“Everybody thought they’re listening to anti-art when they’re listening to [John] Cage. They don’t know that the reason they’re annoyed is that it’s art."
-- Composer Morton Feldman (1926-1987) to Peter Gena in a 1982 interview, Morton Feldman Says : Selected Interviews and Lectures 1964-1987, London: Hyphen, 2006, p.124).
Lizzy the Librarian forwarded to me a couple of interesting articles that reflect upon a topic I have been trying to write about, that is the problem of modern “classical” music (and modern “jazz” for that matter), its vanishingly small audience (at least in the USA), and this music’s relationship to the so-called fine arts.
Frank J. Oteri at New Music Box wrote a thoughtful essay wherein he observed how a recent MOMA retrospective of the relatively obscure, modernist (read “difficult”) painter Brice Marden drew huge crowds, while modernist music remains largely unheard in the concert halls, even in New York City. Oteri speculates on some of the reasons why the culture at large can accept the challenges of modern art in the museum, but will vehemently reject such challenges in music. He raises some essential issues and while the lively discussion that follows sometimes generates more heat than light, it is nonetheless a thought provoking read.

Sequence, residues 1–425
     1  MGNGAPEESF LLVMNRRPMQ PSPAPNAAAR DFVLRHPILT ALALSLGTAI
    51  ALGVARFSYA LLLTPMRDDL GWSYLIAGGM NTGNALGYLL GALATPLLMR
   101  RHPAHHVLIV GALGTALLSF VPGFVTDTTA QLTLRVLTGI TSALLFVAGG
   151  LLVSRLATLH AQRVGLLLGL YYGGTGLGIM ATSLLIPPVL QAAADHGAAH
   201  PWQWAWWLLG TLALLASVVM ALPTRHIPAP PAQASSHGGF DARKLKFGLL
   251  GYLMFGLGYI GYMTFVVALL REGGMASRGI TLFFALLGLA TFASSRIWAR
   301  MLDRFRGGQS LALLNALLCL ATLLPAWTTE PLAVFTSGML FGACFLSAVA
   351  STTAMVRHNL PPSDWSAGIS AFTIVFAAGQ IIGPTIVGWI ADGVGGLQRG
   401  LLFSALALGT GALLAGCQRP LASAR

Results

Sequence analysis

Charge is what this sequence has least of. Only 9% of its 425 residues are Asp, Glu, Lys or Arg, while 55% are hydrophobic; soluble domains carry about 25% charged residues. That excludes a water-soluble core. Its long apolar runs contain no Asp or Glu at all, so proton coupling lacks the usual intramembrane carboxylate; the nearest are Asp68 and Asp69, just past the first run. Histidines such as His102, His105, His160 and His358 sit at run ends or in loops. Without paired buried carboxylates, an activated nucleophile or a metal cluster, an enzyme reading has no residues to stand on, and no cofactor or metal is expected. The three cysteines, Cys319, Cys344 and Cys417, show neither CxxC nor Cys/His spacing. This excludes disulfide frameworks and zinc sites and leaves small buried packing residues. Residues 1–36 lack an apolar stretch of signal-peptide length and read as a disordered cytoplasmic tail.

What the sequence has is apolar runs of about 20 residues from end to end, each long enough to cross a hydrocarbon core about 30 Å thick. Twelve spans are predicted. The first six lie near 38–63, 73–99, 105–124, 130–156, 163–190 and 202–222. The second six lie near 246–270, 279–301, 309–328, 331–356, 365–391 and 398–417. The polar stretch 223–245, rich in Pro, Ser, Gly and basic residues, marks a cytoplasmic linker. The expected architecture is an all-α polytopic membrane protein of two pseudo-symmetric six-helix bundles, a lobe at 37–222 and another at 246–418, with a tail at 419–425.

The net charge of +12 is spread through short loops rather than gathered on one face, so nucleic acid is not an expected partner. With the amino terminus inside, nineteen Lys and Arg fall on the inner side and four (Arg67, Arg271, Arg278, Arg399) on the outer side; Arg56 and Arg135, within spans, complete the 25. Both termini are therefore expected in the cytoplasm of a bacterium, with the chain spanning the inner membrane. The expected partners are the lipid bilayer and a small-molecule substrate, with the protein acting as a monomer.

On the other hand, here is an example of a successful new music series in LA that has somehow managed to fill Frank Gehry’s (ultra-modernist) Disney Hall with an enthusiastic audience for concerts devoted to important contemporary composers.
Morton Feldman asked himself the question of whether or not music could be an art form and it is a serious question. Feldman’s tentative conclusion was that there are no art forms in music, only music forms - and this creates problems for the artist whose chosen medium is music.
This is a topic I hope to explore further.